cycoj writes with a report in the German IT magazine Heise, taking a look at the new OS X Leopard firewall. They find it flawed. When setting access to specific services and programs to only allow SSH access, for example, they found that a manually started service was still accessible. From the article: "So the first step after starting Leopard should be to activate the firewall. The obvious choice to do so is the option to 'Set access to specific services and programs,' which promises more control over network traffic. Mac OS X automatically enters all shared resources set up by the user, such as 'Remote login' for SSH servers, into the list of accessible resources... However, initial functional testing quickly dispels any feeling of improved security. A service started for testing purposes was able to be addressed from outside without any difficulty. The firewall records this occurrence... Even with the firewall set to 'Block all incoming connections' ports to netbios, ntp and other services were still open... Specifically these results mean that users can't rely on the firewall."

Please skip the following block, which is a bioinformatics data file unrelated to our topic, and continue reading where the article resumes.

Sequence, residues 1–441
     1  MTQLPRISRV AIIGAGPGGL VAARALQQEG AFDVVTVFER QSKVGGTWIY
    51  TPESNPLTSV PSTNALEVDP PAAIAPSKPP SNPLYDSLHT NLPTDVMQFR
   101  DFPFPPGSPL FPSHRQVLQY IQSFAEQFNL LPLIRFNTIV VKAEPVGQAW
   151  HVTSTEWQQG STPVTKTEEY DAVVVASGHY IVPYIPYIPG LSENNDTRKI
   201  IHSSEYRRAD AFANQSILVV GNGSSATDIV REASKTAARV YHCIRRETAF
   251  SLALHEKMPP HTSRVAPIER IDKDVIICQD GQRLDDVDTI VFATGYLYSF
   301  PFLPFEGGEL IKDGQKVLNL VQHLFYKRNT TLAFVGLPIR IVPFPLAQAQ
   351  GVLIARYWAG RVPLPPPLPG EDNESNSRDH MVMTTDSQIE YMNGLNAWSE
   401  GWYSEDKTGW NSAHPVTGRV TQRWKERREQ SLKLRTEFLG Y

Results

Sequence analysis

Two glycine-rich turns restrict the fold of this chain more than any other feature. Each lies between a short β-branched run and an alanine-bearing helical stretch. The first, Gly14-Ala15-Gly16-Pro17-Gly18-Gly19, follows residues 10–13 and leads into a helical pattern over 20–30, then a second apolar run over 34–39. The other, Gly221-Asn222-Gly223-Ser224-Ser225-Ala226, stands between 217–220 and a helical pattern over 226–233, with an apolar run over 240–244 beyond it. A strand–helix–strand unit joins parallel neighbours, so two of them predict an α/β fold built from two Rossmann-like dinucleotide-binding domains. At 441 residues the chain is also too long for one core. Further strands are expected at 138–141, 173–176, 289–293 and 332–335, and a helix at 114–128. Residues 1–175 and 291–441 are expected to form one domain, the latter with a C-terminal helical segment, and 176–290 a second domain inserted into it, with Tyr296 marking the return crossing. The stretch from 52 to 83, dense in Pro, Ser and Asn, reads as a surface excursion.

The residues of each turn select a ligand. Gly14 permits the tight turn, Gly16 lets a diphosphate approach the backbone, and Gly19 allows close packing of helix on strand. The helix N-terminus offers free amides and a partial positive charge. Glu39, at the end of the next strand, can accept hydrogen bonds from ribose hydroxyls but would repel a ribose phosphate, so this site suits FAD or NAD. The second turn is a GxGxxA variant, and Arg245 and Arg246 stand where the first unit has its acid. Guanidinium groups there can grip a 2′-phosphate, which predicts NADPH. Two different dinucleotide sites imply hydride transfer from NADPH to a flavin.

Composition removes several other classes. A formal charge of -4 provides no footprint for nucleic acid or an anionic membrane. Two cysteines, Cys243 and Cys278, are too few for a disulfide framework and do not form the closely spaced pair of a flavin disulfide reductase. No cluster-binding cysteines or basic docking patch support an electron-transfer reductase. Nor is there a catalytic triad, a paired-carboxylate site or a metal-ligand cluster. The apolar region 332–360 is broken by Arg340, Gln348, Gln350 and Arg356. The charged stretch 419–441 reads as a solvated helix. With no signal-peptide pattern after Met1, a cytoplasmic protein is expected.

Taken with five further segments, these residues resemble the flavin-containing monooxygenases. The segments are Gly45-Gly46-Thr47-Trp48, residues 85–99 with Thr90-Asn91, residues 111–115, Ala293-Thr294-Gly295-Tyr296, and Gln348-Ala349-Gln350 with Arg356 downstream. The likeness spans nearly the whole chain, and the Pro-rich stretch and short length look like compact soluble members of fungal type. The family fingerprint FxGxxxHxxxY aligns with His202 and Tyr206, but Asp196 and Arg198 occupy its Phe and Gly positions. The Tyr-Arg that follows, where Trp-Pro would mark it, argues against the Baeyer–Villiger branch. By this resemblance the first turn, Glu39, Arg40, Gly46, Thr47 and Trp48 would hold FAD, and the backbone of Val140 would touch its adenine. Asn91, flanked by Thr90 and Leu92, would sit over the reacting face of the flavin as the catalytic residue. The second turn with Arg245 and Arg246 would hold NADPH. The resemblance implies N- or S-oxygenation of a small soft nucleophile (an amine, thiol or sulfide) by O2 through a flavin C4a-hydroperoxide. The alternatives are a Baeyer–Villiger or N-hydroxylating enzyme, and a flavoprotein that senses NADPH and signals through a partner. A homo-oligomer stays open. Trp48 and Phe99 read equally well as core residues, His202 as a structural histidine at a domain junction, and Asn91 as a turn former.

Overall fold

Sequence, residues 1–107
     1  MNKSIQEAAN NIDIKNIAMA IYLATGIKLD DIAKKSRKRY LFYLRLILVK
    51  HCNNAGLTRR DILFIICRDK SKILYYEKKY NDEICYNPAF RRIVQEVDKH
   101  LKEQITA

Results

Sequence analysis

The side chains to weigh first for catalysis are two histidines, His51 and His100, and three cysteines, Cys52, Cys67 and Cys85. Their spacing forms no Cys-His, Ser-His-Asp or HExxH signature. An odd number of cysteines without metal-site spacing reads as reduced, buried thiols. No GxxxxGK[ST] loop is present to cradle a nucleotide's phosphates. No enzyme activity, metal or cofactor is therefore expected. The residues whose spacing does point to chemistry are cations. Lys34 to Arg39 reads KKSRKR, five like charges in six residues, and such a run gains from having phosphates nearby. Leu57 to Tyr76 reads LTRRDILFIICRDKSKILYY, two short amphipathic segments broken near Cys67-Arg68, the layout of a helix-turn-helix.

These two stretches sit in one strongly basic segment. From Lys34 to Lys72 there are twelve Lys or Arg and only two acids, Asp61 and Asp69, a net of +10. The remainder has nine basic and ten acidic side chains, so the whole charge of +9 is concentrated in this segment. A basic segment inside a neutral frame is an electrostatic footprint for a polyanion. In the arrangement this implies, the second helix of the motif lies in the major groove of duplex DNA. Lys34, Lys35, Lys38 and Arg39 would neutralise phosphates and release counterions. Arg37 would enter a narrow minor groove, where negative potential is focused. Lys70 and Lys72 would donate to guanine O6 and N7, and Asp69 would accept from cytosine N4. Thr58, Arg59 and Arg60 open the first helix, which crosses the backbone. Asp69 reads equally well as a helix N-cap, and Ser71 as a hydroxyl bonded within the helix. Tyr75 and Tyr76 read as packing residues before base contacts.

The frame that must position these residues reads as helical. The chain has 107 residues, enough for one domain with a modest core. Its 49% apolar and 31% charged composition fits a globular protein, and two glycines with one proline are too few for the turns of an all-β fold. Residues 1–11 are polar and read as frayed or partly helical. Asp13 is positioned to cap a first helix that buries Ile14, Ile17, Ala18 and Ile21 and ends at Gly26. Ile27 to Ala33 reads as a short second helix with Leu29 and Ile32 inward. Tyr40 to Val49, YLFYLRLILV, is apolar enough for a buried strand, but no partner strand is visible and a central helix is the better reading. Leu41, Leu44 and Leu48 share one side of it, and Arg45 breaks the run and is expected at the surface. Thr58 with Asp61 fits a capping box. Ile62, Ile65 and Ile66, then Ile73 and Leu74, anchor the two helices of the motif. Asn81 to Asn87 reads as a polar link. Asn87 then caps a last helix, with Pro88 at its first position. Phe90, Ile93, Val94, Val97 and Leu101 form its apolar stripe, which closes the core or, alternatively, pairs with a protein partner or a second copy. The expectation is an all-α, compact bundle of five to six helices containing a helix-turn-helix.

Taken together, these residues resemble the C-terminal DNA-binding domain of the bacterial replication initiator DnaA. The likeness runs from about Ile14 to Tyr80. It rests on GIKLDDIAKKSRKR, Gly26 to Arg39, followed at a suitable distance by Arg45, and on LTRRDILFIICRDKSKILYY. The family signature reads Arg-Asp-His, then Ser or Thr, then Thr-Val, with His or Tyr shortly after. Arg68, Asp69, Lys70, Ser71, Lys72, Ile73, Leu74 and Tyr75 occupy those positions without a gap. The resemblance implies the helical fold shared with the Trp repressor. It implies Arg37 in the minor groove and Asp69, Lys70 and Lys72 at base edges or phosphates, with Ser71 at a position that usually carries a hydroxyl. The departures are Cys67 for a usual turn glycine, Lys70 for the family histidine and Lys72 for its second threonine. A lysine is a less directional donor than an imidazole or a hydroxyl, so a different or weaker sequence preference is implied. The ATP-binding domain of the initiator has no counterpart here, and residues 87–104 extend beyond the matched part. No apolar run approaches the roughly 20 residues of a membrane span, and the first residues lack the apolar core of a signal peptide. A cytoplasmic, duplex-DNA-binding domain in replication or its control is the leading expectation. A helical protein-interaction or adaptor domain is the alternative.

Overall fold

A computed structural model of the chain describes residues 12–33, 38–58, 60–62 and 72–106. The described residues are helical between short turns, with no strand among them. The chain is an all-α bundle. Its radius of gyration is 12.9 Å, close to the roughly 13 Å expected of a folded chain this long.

Apple Delays Leopard to October 545

SuperMog2002 writes "Apple Insider has the sad news that Mac OS X Leopard has been delayed until October. Apparantly software engineers and QA had to be reassigned to the iPhone in order to get it out on time, costing Leopard its release at WWDC. For now the original press release from Apple can be found on the 'Hot News' part of their site, though Apple did not provide a permanent link to the story. 'While Leopard's features will be complete by June, the Cupertino-based company said it cannot deliver the quality release expected by its customers within that time. Apple now plans to show its developers a near final version of Leopard at the conference, give them a beta copy to take home so they can do their final testing, and ship the software in October.'"